Thursday, 19 December 2013

Secret of Waterwhistle Part 2

Hello, non-cats! Hope you're all looking forward to Christmas and that you've got a very, very long list for Santa. I know I have. I've asked for lots of Dr Who DVDs, some books (anything by Patrick Ness, even though he clearly stole Arthur's surname..!) - but most of all, I've asked for a finished copy of Arthur Ness and the Secret of Waterwhistle, Part 2.

I mean, yes, I'm supposed to be writing it... and yes, it was meant to be out before Christmas... but I've been a little bit delayed. First of all, there was the alien abduction (I went to the corner shop for some milk and it turned out that the entire shop wasn't actually a shop, it was a UFO that was disguised as a shop - once there were enough people inside, it shut the doors and took off). I'll have to tell you how I escaped that one.

Then, there was the attack by Voldemort - I was just minding my own business when the magical Dark Lord attacked our street. Luckily, I know my Wingardium Leviosar from my Expeliarmus so I took care of that little interruption, quick-smart. By the end, it was He-Who-Runs-Away-Squealing-Like-A-Little-Girl.

There were some other things too - the intergalactic bank-robbery I foiled, the hot-air balloon I built, the robotic teachers I had to re-program... all of which have stopped me from finishing Secret of Waterwhistle Part 2. No, really. It's all true.What do you mean you don't believe me.

Okay... well, I suppose I did make up some of it. The bank-robbery I foiled was only inter-planetary, not inter-galactic.

BUT... there is one piece of exciting news (even if I do say so myself)... the opening chapter of Secret of Waterwhistle Part 2 will debut here on this very blog! Sometime over the Christmas period, you will get the chance to read the first chapter, even before the book is fully completed..! Please take a look and let me know what you think... I might even put some comments into the finished book itself.

Well, I'd better get back to writing the story... just as soon as I escape from this underwater prison I've been locked up in...

Monday, 12 August 2013

10 Minute Writing School : The Opening

Hello! Welcome to the first in a series of creative writing articles called the '10 Minute Writing School'. (I stole the name from filmmaker Robert Rodriguez' '10 Minute Film School' videos - sssh! don't tell him when you see him).

Each article is meant to be a quick 10(ish) minutes of hints and tips on creative writing. I'm not the highest authority on writing and there are many great books on How To Write at your local library or bookshop (or global internet-based book giant). But these are some tips that I think would be fun to share in quick, take-away bites. They may help if you're planning on entering the world's most awesome short story competition, too.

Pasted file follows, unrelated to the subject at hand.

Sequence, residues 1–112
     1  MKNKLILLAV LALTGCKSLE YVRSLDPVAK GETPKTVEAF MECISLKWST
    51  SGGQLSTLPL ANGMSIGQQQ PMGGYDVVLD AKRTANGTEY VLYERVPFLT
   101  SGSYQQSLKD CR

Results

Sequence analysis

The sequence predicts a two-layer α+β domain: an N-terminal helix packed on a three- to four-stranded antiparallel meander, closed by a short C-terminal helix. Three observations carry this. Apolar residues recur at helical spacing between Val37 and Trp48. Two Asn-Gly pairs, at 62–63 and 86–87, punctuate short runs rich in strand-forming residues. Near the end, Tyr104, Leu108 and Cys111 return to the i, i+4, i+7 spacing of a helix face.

Right, enough ramble. Let's get to work.

Now when it comes to openings, there is a golden rule which you must always remember:
Grab your reader's interest and do it quickly!

There are two main ways to do this - CONTENT (what happens) or STYLE (how you write). Grab them with Content - great. Grab them with Style - brilliant (but hard). Grab them with both...awesome!

Let's talk about Content first.

One minute, the teacher was talking about the Civil War. And the next minute he was gone.



No "poof." No flash of light. No explosion.

For a moment, Sam Temple thought he had imagined it, the teacher disappearing. For a moment, he thought he'd slipped into a daydream.

Sam turned to Mary Terrafino, who sat just to his left. "You saw that, right?"

"GONE" by Michael Grant

Arthur Ness ran.

He ran so fast that his chest was bursting, his head was pounding and his legs were burning up from the inside. ‘You’d best stop running right now!’ his legs were threatening him, ‘Or we’ll never work for you again!’

But Arthur Ness did not stop running. One of the witch’s spells blasted right past his head, its bright, white light flashing in his eyes as it exploded against a nearby wall.

Arthur Ness ran faster.


There. Two openings to two different stories. They're both quite different. In "Gone", you have something very quiet and ordinary (kids sat in class - probably daydreaming!) and something very much out of the ordinary happens - the teacher disappears. It's very big and out of the ordinary... but it's written about in a very simple way. That's what makes it so jarring - you're like Sam, the character. You're like ... "whu... did... did that really just happen?"

In the opening of "Arthur Ness", it's the opposite. You're thrown straight into big, loud action. People running, witches blasting spells at peoples' heads. Frantic! Crazy!